A contrite Brian Lake has accepted a month-long suspension that will rule him out for Hawthorn until round 21 after the AFL tribunal conclusively laid the blame for Friday night’s ugly scuffle with Drew Petrie at his feet alone.
While Petrie was given only a token reprimand with no carry-over points, on the basis his grabbing of Lake’s face was in self defence, the Hawthorn defender was given a ban that will rule him out of the club's matches against Adelaide, Sydney, Western Bulldogs and Melbourne. He will be available for selection from the Hawks’ trip to face Fremantle on August 17.
Lake’s argument that he was attempting to grab at the lapel of Petrie’s jumper, rather than place his hands on his throat, did not sway the tribunal jury of Wayne Schimmelbusch, David Neitz and Richard Loveridge from accepting the prosecution’s contention that Lake’s action had constituted forceful impact and had the potential to cause serious injury to Petrie.
North Melbourne spearhead Petrie completely escaped the 125-point penalty applied by the match review panel. The jury deliberated for four minutes in sparing Petrie (officially it reprimanded him) and later took five minutes in convicting Lake.
Lake, the reigning Norm Smith Medallist, was contrite after the hearing. ‘‘It’s been a tough couple of days for myself and my family. It’s great to come here and get my point across on what happened,’’ he said. ‘‘I respect the jury’s decision on the four weeks. Now, I’ve just got to look forward to a tough four-week period of training to get my body right. Leading into the finals I've got three game to get my match fitness and look for a big September.’’
Lake’s counsel Chris Townshend, QC, said the Hawthorn player was guilty of – and admitted to – aggressively wrestling Petrie. He said Lake had not intended to grab Petrie by the throat, but insisted that any resulting contact should be rated no higher than negligent conduct and low impact. AFL counsel Andrew Woods alleged the conduct was at least reckless and the impact was high or severe, despite North’s medical report revealing Petrie was not treated for any injury.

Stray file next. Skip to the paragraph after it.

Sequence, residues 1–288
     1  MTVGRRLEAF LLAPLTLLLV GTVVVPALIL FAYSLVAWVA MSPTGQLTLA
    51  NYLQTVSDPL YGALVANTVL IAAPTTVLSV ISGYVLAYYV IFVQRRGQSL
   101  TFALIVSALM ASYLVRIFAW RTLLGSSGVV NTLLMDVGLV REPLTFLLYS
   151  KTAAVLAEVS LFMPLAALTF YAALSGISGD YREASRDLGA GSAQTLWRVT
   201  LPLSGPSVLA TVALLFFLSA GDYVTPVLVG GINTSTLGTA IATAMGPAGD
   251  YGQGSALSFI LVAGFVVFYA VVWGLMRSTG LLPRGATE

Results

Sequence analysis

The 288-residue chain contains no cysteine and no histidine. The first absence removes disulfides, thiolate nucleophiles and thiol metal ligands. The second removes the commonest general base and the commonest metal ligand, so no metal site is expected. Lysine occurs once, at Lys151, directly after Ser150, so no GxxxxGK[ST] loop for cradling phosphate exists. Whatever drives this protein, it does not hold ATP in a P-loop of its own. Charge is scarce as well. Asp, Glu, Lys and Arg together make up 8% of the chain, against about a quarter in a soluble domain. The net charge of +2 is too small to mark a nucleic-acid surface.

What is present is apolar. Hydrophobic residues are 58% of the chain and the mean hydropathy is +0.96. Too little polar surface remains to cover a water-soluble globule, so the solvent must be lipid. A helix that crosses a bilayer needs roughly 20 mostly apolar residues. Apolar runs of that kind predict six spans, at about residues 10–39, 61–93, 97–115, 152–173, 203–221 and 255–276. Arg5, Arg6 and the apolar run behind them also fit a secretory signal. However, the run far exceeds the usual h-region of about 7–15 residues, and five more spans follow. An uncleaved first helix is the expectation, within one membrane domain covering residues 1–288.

Woods sought a penalty of at least three matches. The jury decided it warranted a 410-point penalty, triggering a four-match ban with 10 carry-over points.
Townshend said Lake had ‘‘spent four days in the public eye’’ since the incident, and told the jurors the tribunal was ‘‘not in the business of entertainment, but natural justice’’. Part of his rationale for declaring the impact was no more than low was that Petrie ‘‘played a cracker of a game’’, as he was not physically hindered by it.
Lake said his hand went towards Petrie’s throat only because he was unsighted, and that he was trying to grab part of his opponent’s V-neck collar to get a good hold of him to gain the upper hand in their scuffle.
‘‘I wanted to get as much jumper as possible ... I felt that’s how I could control the situation,’’ he said.
He rejected the notion his grabbing of Petrie was of ‘‘significant force’’. Asked if he could see or hear Petrie crying out during the scuffle, he replied: ‘‘I can see [from the footage] he was in discomfort, yes.’’
Petrie was adjudged guilty of misconduct for unnecessary contact to the face of Lake but avoided penalty because the jury agreed with his counsel Tony Burns’ contention he was acting in self defence. The North forward told the tribunal he had been trapped in a headlock by Lake’s right arm when he reached upwards with his hand, feeling that he needed ‘‘to push myself out of that position for my own safety.’’
He said he had pushed upwards at Lake for just two seconds, unable to see anything, and that he had removed his hand once he realised it had made contact with the Hawthorn player’s face.
Petrie said he had felt Lake’s shoulder and body pressing down on his head when the pair began wrestling. ‘‘He was in a dominant, aggressive position on my head. I knew I had to push out of that position to prevent any damage to myself,’’ Petrie told the tribunal.
Essendon acting captain Brendon Goddard, Brisbane midfielder Tom Rockliff and West Coast key forward Josh Kennedy accepted one-game suspensions.
North Melbourne youngster Luke McDonald, Greater Western Sydney ruckman Shane Mumford and Gold Coast defender Rory Thompson took reprimands.
WITH EMMA QUAYLE